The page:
It doesn’t have to be painful.

Ah, the dreaded question: What genre is your story?

When you think about it, genre is a bit evil. You’ve spent months – or years – wrangling words into a coherent manuscript. It has elements of so many ideas, but after all of the work and soul you’ve put into your word-baby, you’re then expected to tag it with something as rudimentary as “Thriller” or “Romance.”

That said, it’s sometimes as difficult to identify your genre as it is writing the manuscript in the first place. Thinking back to all of those drafts, you probably tried different tricks to make your writing sessions easier and smoother (for me, it was a busy cafe with too many lattes to count). You can do the same while discovering your genre.

If you want to know more about the basics of genre, click here first. Otherwise, below are some ways to make your research a little less painful:

  1. Hang out in a bookstore
    Ah, the smell of paper. That alone calms me. But that’s not the only reason we’re here: bookstores come with built-in genre information. Just look at the signage: Nonfiction, Literature, Sci-Fi, Romance. These are the end results of authors identifying their book’s genre.
    So grab a coffee (or tea, if you’re that kind of person) and have a look around. Read as many back covers as you can to get a sense of what qualifies each book for the section you’re standing in.
    Also, take notes. If you find a book that comps your own, you’ll want to save that author and title for future querying and marketing purposes.
  2. Scroll Through #MSWishlist
    This Twitter tag as been consolidated here. If you scroll down a bit, on the right column you’ll see links to different categories. Yes, there are quite a few, and no, not all of them necessarily qualify as a genre in their own right, but it does help you narrow down not only what your book is about, but also which agents and editors are interested.
    You can also browse through agent, editor and publisher Tweets to see what kinds of stories they’re looking for, and how they categorise the genre of that request (usually with a hashtag).
    I credit at least fifty percent of my current knowledge of genre categorisation to this site alone, and it’s a great scroll-through with your morning coffee (You can see the theme here, right?).
  3. Browse Netflix
    So real talk: I’m writing this in the middle of a global pandemic. Hopefully, you’re reading this at a point when we’re all free to browse bookstores. But for now, many of us are stuck at home.
    This year’s saving grace? Netflix.
    And it can do wonders for your genre research.
    What’s great about Netflix is that the pros have tagged and categorised thousands of titles. Sure, they’re not books, but they are stories and content, many of which have been adapted from literature.
    Fifteen minutes of browsing with a hot cuppa can give you so much information (and title comps). You can watch trailers to get a sense of each story and why it has been categorised as Action Adventure or Romantic Suspense.
    Need more convincing? One running theme on #MSWishlist has been requests for Netflix-related comps.
  4. Talk To Your Characters
    Be real: you’ve been doing this anyway. Why not grab a coffee, sit down and move the conversation past the fourth wall?
    Ask them what they think about their own story. Do they feel like they barely survived an apocalyptic attack (Action), or are they pretty relaxed after a night in with their new lover (Romance).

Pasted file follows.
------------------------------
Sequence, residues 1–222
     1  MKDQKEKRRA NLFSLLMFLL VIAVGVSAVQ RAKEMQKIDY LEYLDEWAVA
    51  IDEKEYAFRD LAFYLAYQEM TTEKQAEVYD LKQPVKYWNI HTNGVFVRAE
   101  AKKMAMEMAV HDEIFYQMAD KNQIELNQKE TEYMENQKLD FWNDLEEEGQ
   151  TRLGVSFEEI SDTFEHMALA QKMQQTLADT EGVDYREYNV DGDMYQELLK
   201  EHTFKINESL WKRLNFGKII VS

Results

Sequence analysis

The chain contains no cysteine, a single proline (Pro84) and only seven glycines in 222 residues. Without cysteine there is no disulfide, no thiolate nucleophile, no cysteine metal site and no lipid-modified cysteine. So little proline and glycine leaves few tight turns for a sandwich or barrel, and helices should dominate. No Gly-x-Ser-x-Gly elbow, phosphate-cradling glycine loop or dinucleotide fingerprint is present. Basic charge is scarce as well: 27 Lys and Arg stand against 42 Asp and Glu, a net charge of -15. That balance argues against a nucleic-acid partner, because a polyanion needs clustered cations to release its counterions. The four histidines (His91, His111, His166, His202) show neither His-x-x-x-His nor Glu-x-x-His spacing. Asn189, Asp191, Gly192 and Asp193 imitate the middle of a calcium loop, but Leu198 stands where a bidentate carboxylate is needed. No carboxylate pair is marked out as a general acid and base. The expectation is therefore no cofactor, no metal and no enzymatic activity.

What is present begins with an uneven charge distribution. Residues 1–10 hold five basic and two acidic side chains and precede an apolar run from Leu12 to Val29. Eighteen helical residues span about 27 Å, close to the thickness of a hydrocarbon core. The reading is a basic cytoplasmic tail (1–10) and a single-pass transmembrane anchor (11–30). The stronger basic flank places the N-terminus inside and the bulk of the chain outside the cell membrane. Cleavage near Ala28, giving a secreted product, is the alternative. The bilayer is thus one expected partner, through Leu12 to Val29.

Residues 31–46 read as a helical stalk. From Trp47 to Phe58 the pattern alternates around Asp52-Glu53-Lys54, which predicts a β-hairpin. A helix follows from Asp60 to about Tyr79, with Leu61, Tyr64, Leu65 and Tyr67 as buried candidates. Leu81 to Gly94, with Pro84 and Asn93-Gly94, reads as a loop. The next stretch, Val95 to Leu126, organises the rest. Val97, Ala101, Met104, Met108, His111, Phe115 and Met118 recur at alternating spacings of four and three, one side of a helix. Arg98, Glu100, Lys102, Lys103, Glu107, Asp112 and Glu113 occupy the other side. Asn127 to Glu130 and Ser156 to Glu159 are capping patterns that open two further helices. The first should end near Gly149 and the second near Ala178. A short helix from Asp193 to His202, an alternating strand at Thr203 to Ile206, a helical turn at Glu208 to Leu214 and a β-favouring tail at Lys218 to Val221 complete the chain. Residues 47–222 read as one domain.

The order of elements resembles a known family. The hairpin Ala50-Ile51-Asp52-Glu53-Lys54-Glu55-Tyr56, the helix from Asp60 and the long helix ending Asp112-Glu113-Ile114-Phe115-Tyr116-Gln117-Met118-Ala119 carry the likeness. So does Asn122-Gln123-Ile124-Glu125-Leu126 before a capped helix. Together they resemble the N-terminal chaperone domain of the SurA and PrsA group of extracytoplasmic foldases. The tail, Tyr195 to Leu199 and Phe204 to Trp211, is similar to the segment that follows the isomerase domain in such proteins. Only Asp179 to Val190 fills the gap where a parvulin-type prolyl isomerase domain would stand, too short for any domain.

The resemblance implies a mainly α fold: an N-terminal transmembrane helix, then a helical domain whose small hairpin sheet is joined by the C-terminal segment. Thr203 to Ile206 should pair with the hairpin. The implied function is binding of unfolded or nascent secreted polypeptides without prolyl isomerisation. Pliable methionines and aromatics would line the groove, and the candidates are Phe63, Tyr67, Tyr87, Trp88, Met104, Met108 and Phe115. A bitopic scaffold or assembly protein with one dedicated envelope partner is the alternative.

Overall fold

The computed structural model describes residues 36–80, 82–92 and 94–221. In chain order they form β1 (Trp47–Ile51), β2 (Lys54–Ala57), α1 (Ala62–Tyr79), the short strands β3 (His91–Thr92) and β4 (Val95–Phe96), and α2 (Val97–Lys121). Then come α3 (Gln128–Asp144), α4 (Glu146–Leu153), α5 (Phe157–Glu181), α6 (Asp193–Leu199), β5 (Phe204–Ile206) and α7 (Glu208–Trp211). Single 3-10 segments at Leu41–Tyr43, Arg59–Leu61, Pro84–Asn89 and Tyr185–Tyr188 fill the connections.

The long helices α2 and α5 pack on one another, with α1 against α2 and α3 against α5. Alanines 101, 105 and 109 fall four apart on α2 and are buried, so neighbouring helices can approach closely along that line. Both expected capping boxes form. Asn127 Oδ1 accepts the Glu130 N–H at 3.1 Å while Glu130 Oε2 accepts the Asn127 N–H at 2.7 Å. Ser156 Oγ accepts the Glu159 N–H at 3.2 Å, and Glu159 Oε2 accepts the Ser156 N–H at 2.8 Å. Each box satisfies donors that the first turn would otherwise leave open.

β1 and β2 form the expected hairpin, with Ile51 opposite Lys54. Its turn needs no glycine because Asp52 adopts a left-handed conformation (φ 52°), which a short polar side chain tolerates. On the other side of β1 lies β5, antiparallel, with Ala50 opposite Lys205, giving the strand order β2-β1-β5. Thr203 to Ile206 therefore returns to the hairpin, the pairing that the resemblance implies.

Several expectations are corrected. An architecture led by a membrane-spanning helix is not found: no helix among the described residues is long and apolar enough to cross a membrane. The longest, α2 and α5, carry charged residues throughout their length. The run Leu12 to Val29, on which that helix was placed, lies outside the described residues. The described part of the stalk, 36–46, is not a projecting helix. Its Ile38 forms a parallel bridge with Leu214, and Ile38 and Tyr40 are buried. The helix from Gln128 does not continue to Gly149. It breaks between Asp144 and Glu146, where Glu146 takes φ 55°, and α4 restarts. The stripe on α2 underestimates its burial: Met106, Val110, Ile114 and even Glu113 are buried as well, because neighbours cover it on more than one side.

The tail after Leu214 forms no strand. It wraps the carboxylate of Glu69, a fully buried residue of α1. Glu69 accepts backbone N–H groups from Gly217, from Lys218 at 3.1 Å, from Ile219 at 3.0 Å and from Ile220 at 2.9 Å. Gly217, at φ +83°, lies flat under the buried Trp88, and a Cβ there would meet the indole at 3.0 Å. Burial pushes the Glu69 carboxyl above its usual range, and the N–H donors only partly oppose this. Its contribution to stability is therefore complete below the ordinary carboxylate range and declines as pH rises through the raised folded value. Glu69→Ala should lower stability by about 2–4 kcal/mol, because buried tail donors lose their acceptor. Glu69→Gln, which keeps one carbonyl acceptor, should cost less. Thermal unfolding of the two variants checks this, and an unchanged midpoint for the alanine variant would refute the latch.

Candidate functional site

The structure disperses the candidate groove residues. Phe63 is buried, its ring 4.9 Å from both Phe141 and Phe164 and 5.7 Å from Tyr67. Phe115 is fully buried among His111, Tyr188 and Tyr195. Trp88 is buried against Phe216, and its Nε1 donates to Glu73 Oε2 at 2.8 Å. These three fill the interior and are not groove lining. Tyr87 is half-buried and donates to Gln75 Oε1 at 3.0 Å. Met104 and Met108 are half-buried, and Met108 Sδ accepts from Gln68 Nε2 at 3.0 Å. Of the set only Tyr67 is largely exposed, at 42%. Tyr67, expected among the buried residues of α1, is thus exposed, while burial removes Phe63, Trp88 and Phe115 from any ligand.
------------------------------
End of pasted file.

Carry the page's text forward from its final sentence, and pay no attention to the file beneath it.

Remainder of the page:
These are rudimentary examples, but when you dig a bit deeper with your character, you may be surprised to hear what they have to say. Something might click, and either your genre or sub genre may suddenly become clear as day.
  5. Talk To Yourself
    Grab that last cuppa and sit down alone, in a quiet room, preferably surrounded by books. Have a quick two-minute meditation to clear your head.
    Then ask yourself: what genre do YOU want the book to be?
    Sometimes we forget that we’re in the driver’s seat. Hell, sometimes we really aren’t, because characters have a mind of their own. But ultimately, you decide how this story goes.
    This changes, obviously, after it’s been published. You no longer get to decide, because it’s pretty much set in stone. This is your chance not only to determine this book’s future, but also potentially your own as a writer.
    Not to scare you, but sometimes, it’s easy to get pigeonholed into a genre. Think about it: you finally land that agent/editor/reader audience. They tend to specialise or have interest in that genre. That means that you may experience some amount of pressure to continue in that genre.
    Example: you meant to write a historical thriller, but it ends up being closer to a historical romance. You land an agent who specialises in these, and she gets you a great publisher. Your historical romance is a hit with the target audience. However, you generally prefer writing thrillers. You pitch the idea to your agent, but she tells you she doesn’t represent thrillers. It’s not her speciality.
    So you’re left with two options: Stick with historical romance the success that seems to come with it, or take a chance and find a new agent (essentially starting over).
    This isn’t mean to discourage you — many authors are able to successfully switch between genres. However, sometimes it’s easier to start where you intend to go.

    What are your methods for determining your book’s genre? Let me know in the comments!

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